New York's MTA is planning for a future of raising fares every two years. While the MTA won't put a dollar amount on what that will look like, the Straphangers Campaign has no such compunction. According to their calculations, in ten years the current cost of a monthly MetroCard will go from $112 to $168.
The MTA began raising fares biennially in 2009. The most recent increase went into effect in March.
“Without more financial support from Albany, the MTA might as well start making announcements that ‘there is a fare hike right behind this one," said Gene Russianoff, staff attorney for the Straphangers Campaign, who says Albany needs to find new funding sources to soften the blow.
That sentiment was more or less echoed by the MTA at its board meeting last week, when the agency unveiled a projected operating budget building in fare increases every other year. At the time, MTA chief Tom Prendergast said "the issue of what the size of that fare increase is, and how we can manage our costs and increase our revenues to maybe have a different number than what is projected today, is a focus we will have."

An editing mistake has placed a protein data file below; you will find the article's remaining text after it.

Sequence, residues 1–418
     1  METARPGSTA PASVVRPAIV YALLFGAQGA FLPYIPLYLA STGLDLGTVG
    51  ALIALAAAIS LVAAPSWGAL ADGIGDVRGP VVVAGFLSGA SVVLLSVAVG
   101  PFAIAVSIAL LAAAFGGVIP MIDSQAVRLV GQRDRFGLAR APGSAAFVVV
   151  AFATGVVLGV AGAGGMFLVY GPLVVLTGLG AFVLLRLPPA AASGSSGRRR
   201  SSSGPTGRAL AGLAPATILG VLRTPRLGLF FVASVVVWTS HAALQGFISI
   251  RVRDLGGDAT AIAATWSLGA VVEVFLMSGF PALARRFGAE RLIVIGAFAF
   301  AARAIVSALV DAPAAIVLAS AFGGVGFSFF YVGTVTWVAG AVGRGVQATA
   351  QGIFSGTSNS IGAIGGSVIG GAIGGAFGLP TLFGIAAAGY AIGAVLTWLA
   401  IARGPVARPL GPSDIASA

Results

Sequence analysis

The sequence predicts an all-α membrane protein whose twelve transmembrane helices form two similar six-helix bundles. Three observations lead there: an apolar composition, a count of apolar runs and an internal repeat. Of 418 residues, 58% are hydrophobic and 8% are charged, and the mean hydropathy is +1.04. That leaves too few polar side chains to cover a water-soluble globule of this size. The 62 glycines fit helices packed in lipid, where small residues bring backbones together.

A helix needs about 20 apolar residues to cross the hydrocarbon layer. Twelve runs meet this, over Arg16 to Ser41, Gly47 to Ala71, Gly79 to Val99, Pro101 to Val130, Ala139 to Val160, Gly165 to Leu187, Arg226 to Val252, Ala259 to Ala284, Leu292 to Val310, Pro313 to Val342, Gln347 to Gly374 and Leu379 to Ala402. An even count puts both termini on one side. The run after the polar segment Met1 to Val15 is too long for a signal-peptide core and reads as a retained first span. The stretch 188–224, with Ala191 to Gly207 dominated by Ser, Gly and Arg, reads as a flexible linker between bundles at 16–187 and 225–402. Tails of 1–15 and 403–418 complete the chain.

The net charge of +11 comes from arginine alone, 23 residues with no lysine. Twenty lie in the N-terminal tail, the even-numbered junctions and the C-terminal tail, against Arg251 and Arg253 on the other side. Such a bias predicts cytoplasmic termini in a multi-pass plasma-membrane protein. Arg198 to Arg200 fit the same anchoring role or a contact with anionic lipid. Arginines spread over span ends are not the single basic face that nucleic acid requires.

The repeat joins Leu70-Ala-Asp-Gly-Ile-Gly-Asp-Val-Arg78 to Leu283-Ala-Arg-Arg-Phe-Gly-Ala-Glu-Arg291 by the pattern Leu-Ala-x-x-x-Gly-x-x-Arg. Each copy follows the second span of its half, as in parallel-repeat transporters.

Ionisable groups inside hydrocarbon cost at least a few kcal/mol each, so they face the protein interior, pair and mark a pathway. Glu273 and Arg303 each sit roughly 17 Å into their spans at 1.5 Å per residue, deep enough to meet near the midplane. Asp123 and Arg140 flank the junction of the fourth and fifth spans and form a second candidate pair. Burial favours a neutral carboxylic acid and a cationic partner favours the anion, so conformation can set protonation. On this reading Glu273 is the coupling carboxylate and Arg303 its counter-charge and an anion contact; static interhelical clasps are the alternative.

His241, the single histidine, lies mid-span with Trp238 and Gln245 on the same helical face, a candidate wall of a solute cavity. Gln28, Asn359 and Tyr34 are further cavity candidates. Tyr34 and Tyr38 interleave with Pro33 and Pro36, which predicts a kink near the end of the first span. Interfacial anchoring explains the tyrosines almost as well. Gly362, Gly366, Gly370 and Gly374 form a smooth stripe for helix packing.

The Straphangers' report, done in conjunction with the New York City Independent Budget Office, assumes fare increases of 8.4 percent every two years through 2023.
Under that calculation, in ten years the base fare -- currently $2.50 -- would hit $3.75.
"This is a hypothetical number," said MTA spokesman Adam Lisberg, who added that it was "way too early" to talk about specific numbers. "But what's real is that we have cut our expenses by $800 million since 2012."
Read the Straphangers report here.